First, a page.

Aging-related cardiovascular disease (CVD) includes coronary heart disease (CHD), ischemic attack in the brain (stroke), high blood pressure (hypertension), irregular heart beat (arrhythmia), and congestive heart failure (CHF). The demographic trend of population aging in the United States will inevitably increase the incidence of CVD, a fact that presents both challenges and opportunities for the social work profession, especially as related to new findings about significant health disparity and mental health comorbidity in CVD. As a major force in the health system, the social work profession must consider a dramatically expanded role in CVD-related health, mental health, and aging care in its commitment to services for disadvantaged populations.
Newly published national data spotlight the increasing need for CVD-related social services for the aging population. Among older people with CHD, about half have difficulty with one or more activities of daily living (ADL), and two-fifths require assistance (American Heart Association [AHA], 2005). They are more likely to use prescription drugs and social services (for example, a social worker, adult day care, rehabilitation, transportation, and Meals on Wheels) than their younger counterparts. They also tend to experience early retirement and low satisfaction with retirement (National Academy on an Aging Society, 2000a). Advanced age and social and environmental factors (for example, insufficient home care, living alone, and coping difficulties) increase the risk of hospital readmission (Berkman, Millar, Holmes, & Bonander, 1991). A study showed that nearly half of CHF readmissions were primarily due to social problems and lack of community services (Proctor, Morrow-Howell, Li, & Dore, 2000).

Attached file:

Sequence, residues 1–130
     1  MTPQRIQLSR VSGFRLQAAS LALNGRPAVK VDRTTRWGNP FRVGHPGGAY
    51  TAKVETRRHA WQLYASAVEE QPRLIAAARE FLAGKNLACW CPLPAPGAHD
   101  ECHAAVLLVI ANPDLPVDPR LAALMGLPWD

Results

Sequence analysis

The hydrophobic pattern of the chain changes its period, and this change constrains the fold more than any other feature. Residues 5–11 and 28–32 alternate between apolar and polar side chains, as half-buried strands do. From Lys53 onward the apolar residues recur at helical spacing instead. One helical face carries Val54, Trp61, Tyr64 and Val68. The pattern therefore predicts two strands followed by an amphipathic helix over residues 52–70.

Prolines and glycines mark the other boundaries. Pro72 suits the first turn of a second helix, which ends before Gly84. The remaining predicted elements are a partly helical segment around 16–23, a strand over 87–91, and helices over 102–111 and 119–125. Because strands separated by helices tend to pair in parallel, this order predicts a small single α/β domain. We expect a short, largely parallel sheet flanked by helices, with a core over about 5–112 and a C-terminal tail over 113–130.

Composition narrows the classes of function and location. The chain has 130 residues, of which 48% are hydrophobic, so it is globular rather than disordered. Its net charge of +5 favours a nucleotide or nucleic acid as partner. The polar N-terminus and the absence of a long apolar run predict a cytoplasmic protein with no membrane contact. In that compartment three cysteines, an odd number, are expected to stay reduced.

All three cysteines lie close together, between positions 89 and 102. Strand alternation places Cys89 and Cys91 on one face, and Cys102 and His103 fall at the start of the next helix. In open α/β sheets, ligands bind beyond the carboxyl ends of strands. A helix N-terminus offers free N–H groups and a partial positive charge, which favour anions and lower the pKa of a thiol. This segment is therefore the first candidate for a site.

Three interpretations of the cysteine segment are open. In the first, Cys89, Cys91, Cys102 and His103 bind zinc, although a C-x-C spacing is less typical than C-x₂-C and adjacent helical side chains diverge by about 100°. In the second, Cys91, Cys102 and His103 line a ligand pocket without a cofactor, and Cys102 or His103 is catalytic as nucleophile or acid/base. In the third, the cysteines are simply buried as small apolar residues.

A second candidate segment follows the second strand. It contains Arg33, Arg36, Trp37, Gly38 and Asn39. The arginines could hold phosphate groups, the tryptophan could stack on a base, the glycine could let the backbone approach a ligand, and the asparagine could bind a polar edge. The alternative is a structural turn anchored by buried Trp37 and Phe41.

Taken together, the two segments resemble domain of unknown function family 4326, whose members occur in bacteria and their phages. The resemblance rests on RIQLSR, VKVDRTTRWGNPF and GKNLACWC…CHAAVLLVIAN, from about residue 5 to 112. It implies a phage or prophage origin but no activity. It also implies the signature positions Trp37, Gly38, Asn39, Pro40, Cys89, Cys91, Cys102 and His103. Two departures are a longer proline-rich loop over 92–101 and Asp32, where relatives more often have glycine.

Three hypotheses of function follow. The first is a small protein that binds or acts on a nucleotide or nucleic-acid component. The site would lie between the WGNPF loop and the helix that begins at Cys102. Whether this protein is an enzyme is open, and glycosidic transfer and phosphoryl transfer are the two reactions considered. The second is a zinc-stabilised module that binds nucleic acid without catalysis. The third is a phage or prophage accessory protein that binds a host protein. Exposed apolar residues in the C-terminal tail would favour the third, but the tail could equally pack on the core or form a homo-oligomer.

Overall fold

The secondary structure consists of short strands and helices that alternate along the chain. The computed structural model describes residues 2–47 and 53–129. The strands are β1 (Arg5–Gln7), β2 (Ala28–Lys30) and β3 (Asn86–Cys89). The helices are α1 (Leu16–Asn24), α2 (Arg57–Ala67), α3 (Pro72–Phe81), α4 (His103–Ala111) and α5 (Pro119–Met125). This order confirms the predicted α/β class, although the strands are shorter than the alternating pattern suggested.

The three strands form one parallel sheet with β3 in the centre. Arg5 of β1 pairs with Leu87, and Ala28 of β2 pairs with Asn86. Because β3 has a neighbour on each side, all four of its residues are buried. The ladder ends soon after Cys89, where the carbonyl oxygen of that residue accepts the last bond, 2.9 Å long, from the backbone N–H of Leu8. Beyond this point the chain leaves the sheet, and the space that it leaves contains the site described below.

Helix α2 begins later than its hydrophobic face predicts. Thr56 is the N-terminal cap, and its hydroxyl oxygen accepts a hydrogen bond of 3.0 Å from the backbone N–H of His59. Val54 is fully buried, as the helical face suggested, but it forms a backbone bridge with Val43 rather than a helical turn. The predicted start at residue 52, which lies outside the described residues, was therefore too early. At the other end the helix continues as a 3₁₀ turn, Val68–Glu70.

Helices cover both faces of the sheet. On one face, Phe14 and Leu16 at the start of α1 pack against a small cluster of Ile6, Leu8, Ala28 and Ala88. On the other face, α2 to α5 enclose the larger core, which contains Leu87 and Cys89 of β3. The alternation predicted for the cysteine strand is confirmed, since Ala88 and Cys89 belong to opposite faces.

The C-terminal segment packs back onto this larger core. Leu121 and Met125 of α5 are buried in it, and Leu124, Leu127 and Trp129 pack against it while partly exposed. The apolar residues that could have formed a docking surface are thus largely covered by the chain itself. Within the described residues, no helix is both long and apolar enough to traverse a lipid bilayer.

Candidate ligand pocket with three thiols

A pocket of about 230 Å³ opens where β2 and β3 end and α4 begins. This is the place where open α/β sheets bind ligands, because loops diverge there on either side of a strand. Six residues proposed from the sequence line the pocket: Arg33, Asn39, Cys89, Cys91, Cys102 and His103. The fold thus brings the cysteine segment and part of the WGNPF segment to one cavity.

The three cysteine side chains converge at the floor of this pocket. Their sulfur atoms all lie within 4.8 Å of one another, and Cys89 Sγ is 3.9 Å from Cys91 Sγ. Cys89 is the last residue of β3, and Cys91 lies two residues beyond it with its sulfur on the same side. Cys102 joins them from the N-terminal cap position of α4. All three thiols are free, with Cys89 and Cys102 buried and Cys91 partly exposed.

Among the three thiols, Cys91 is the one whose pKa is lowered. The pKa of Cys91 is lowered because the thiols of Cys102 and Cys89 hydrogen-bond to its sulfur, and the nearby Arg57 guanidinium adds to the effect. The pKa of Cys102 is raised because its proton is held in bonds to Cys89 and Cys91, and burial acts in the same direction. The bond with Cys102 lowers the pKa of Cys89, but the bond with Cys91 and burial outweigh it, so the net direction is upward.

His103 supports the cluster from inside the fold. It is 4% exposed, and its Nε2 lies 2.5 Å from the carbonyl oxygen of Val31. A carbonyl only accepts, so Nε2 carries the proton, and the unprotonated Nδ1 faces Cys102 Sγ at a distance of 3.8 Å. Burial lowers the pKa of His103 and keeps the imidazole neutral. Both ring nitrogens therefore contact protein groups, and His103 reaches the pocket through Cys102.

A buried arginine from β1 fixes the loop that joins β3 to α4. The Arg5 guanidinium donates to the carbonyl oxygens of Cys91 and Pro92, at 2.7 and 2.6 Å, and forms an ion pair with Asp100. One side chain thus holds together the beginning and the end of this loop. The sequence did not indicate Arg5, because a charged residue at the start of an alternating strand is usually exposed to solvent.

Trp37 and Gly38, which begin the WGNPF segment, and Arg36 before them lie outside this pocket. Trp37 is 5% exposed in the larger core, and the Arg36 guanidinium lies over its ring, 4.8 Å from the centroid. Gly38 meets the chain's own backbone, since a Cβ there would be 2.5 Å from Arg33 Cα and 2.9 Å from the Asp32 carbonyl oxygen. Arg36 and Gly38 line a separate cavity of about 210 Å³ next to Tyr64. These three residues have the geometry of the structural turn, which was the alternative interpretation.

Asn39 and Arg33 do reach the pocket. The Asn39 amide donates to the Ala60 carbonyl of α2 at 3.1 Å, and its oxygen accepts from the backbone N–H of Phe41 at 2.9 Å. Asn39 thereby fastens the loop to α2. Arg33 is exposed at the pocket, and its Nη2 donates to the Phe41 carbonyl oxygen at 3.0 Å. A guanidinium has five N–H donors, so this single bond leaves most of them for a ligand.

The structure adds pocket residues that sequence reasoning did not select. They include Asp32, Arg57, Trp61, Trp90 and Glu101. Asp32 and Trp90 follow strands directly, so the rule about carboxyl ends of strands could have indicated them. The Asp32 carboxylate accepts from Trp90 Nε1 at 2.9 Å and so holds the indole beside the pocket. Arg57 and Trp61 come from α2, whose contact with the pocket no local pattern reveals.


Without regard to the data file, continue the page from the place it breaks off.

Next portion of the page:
According to national data and current research, social-strata-related disparity and associated comorbidity further complicate the increasing demand for professional care. However, many social workers in health care and education may not recognize the scope of the issue needing their clinical attention. In this article, we aim to increase awareness of and enhance professional influence in cardiac care for an aging society.
CVD-RELATED HEALTH DISPARITIES
In the past century, CVD has had a significant effect on society and the U.S. population. Social workers must be attentive to the financial, socioeconomic, and public health consequences of CVD and the related disparity in health. According to the AHA (2005), the estimated cost of CVD and stroke was $393.5 billion in 2005, nearly $175 billion more than that of all cancers and HIV infections. Indeed, CVD claims as many fives as the next five leading causes of death combined (that is, cancer, chronic lower respiratory diseases, accidents, diabetes mellitus, and influenza or pneumonia) each year.
With narrowing coronary arteries that lead to insufficient blood and oxygen supply, CHD causes angina pectoris (chest pain), myocardial infarction (MI, or heart attack), and sudden cardiac arrest. CHD is the single largest killer of Americans among all CVDs (National Academy on an Aging Society, 2000a) and the leading reason for short-stay hospitalization and permanent disability in the U.S. labor force. It accounts for nearly one-fifth of social security disability insurance payments (AHA, 2003, 2005; National Academy on an Aging Society, 2000a).
Differential Effects of CVD, by Gender and Socioeconomic Status
Gender Effects. CVD is the leading cause of premature death for men and women of all racial and ethnic groups, claiming 1.4 million lives in 2002 (AHA, 2005). Since 1984, more women have died of CVD than men, and this gap continues to increase dramatically (AHA, 2003). Average annual rates of first major CVD event rise from 0.7 percent for men ages 35 to 44 to 6.8 percent at ages 85 to 94 (AHA, 2005). Comparable rates occur 10 years later for women, but the gender gap narrows with advancing age. …